A prison board Thursday approved parole for an inmate who recently won a federal court order for state-paid gender reassignment surgery, even as a federal appeals court issued its own order postponing the operation.
Michelle Lael-Norsworthy, 51, was convicted of second-degree murder in 1987 and is serving a sentence of life with possibility of parole at Mule Creek State Prison for men. Born Jeffrey Bryan Norsworthy, she has undergone hormone therapy for 15 years to the extent, her lawyers argue, of damaging her liver and risking other medical complications.
In April, a federal judge in San Francisco ordered the corrections department to provide Norsworthy with a sex change, contending the state had failed to meet her "serious medical need."
California Atty. Gen. Kamala Harris is challenging the order in the 9th Circuit Court of Appeal, on behalf of the state corrections department, arguing that drug therapy and prison counseling made surgery medically unnecessary.
In seeking a stay to postpone surgery while the case is litigated, the attorney general's office said the only urgency was the potential for Norsworthy to be paroled, which would make her case moot.
The state also argued that it would face security problems in determining where to house a gender-reassigned inmate, though the state system already has at least one prisoner who changed from male to female. That inmate is housed at a women's prison. The state told the court it has had to move her several times because of threats and assaults.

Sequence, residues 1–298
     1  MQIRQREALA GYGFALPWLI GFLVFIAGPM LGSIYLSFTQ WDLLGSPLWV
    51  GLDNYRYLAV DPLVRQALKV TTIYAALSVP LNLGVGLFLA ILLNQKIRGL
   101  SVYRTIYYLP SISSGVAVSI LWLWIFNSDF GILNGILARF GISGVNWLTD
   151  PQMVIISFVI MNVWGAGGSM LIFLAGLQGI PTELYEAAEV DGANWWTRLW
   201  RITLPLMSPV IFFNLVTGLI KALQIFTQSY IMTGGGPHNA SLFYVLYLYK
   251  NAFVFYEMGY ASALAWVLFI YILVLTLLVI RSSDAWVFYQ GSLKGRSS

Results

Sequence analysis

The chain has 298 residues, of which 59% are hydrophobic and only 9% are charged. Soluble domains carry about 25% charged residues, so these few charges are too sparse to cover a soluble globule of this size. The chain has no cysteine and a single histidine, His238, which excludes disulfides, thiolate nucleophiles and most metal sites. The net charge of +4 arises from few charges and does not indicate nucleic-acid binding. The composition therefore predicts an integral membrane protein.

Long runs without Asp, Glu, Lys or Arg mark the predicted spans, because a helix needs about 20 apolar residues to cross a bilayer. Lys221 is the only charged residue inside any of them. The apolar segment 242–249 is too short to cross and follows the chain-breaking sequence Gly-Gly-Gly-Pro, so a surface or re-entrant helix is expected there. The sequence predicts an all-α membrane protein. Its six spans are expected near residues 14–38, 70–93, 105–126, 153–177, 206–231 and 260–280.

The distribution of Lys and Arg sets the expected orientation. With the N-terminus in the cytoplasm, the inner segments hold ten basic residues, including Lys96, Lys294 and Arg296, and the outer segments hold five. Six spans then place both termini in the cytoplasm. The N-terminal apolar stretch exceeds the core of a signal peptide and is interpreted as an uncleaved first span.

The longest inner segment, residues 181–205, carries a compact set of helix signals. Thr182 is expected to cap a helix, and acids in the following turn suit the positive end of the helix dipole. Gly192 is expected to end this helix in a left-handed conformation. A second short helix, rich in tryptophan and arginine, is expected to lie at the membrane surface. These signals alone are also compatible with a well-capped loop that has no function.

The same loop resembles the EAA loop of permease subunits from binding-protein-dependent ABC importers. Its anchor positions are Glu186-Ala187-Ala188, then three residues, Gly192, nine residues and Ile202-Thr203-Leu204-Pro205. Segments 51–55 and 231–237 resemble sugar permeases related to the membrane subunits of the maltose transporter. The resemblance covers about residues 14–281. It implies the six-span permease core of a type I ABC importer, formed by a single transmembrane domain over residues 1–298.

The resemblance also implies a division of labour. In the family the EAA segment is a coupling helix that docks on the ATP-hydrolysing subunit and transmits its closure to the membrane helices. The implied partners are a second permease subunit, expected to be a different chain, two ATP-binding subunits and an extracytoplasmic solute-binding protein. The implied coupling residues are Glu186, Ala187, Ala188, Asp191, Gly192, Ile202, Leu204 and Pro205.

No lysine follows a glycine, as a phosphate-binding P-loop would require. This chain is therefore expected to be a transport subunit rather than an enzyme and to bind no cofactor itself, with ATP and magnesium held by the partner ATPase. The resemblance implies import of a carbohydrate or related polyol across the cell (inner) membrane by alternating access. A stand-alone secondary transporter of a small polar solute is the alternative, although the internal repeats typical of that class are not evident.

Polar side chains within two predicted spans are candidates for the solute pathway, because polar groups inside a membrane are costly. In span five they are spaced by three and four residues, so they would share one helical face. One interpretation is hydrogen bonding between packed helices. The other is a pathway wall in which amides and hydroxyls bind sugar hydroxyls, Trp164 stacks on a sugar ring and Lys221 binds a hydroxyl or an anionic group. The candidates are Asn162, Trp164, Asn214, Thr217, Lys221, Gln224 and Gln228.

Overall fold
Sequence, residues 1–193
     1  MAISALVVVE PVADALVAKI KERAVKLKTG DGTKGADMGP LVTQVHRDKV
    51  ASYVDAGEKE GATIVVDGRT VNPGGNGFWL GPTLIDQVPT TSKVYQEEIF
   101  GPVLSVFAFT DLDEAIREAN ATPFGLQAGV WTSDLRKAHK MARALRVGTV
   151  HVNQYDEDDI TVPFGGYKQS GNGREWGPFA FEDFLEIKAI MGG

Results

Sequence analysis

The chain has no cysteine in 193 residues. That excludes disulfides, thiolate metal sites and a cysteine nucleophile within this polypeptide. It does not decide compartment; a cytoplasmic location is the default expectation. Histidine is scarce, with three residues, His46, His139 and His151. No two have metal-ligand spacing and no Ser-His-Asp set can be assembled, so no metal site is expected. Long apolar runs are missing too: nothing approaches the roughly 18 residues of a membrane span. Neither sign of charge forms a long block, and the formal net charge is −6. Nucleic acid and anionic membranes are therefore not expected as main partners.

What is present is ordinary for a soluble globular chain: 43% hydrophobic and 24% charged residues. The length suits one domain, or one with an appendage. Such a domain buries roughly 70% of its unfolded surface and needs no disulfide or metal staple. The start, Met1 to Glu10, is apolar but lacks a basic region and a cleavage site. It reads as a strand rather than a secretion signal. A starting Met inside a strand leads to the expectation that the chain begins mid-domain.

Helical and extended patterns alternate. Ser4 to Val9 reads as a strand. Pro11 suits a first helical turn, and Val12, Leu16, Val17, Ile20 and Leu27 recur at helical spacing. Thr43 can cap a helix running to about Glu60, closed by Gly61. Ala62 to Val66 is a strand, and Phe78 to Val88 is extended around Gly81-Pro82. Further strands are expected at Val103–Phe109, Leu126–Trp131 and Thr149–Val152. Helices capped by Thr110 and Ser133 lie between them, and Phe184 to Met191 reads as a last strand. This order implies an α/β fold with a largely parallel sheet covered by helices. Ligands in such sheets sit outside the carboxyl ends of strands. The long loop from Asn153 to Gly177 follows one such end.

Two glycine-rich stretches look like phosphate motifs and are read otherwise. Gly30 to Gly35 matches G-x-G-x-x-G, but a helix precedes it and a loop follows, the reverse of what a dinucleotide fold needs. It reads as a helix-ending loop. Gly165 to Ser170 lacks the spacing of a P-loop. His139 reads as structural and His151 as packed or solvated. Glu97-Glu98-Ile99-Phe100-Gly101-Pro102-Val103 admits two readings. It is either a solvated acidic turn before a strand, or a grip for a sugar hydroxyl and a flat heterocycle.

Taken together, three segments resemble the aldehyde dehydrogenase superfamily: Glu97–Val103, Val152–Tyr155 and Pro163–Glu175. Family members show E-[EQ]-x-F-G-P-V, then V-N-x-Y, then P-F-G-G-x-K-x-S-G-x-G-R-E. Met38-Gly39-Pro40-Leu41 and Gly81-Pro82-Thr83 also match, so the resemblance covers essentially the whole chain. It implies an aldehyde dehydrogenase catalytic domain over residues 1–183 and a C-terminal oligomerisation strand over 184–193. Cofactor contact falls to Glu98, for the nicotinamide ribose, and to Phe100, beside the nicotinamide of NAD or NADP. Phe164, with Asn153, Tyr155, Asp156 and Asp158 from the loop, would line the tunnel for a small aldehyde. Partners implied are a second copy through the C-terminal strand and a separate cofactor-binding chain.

California corrections officials said a parole board meeting Thursday at Mule Creek State Prison, a facility for men near Ione, deemed Norsworthy eligible for release. This was her sixth time before the board. She had most recently been denied parole in 2013.
The state Board of Parole Hearings now has four months to review the grant. Gov. Jerry Brown will have 30 days after that to revoke the decision or allow it to go through, making release possible in October.
At the same time Thursday, a federal appeals panel granted the state's request to postpone the reassignment surgery and set a hearing for August on the state's appeal of U.S. District Court Judge Jon Tigar's ruling.
Norsworthy's attorneys at the Transgender Law Center said they were "thrilled" with her parole grant, noting that if the procedure is not performed in prison, Norsworthy will have access to government-paid "gender-affirming" surgery under Medi-Cal.
By court order, California has included gender reassignment surgery in state health plans since 2001.
The office that oversees prison medical services would not comment directly on Norsworthy's case, citing patient privacy laws. However, spokeswoman Joyce Hayhoe said, "current regulations only prohibit performing procedures that are not medically necessary."
California has 385 state prisoners who are receiving hormone drugs for gender dysphoria, Hayhoe said.